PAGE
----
`How Peace Came to the World' essays read at New York peace service
New York — Readings of essays on peace and a peace mass were highlights of a day pledged to peace, education, and inspiration at the Cathedral of St. John the Divine in New York City Saturday. Actors and actresses from The Theatre Artist's Workshop of Westport, Conn., read essays from ``How Peace Came to the World'' (MIT Press), a compilation of writings from The Christian Science Monitor's peace essay contest held last year.
``We are all here because we believe peace is possible,'' said Paul Gorman, the host for the occasion, which was broadcast over WBAI, a public radio station here. He said the essays challenge the imagination and the hope of ordinary citizens.
The essays, set in the future, are written from the premise that world peace had arrived by the year 2010.
He called the more than four-hour session ``our answer to Orson Welles,'' whose ``War of The Worlds'' radio broadcast frightened many listeners several decades ago. Mr. Gorman said the essays will not alarm the public, but also would not lull them into complacency regarding the future. A future of peace, he said, is one ``we have to create.''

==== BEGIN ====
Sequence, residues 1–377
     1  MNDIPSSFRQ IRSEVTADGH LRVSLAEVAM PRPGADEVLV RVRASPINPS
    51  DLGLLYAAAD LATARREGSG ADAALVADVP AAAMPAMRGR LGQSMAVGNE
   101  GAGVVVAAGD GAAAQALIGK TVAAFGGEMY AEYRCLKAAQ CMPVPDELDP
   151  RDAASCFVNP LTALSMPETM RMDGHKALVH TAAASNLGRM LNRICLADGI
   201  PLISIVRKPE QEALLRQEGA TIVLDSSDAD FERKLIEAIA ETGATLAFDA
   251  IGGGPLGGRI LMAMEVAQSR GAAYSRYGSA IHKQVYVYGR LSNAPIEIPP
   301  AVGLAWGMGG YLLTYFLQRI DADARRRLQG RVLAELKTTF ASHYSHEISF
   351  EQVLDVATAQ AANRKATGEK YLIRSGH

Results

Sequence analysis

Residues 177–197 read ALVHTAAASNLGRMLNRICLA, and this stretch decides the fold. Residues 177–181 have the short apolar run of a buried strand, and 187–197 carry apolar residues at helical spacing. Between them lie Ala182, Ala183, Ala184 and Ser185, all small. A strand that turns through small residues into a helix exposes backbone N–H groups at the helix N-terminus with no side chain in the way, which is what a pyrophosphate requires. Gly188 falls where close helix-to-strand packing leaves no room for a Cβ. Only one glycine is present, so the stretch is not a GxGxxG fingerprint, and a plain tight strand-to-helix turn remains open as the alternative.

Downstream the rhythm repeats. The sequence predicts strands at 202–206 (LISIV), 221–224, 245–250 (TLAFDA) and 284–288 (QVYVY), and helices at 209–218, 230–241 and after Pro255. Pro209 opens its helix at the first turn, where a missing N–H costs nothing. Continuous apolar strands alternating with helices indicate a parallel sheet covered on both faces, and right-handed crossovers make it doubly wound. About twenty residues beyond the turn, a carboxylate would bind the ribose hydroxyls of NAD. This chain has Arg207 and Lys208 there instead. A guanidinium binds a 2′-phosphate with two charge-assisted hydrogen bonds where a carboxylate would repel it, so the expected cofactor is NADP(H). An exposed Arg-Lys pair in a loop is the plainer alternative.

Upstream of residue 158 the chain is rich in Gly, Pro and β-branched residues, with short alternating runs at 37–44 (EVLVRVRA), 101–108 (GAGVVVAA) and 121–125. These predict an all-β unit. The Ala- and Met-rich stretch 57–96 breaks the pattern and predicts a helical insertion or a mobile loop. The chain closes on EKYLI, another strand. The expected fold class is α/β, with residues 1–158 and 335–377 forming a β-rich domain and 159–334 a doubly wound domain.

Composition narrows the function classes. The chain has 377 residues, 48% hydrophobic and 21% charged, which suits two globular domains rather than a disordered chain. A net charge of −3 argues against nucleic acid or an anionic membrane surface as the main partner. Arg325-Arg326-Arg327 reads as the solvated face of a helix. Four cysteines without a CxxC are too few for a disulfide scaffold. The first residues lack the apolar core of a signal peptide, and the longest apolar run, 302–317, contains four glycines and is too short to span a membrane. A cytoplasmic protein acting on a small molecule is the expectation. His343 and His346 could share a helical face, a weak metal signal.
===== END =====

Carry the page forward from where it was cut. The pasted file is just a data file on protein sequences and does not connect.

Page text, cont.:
Actor Lee Richardson, who was recently seen in the movie ``Prizzi's Honor,'' began the marathon readings with an essay by Colorado Gov. Richard Lamm, depicting how the world reacted when a nuclear exchange beween India and Pakistan virtually destroyed the subcontinent. Governor Lamm's essay, which was one of the three prize winners in the contest, wrote of the world's horror at the holocaust and mankind's ensuing decision that nuclear weapons were simply suicide for the world.
Other essays read showed how peace came through creative thinking, a change in consciousness on the part of individuals, and citizen initiatives.
Some of the most enthusuastic applause came after Keir Dullea, who was in the movies ``2001'' and ``2010'', read an essay about an exchange program between US college sophomores and USSR students. -- 30 --
Improvisational music by David Darling and ``Music For People'' was played during breaks.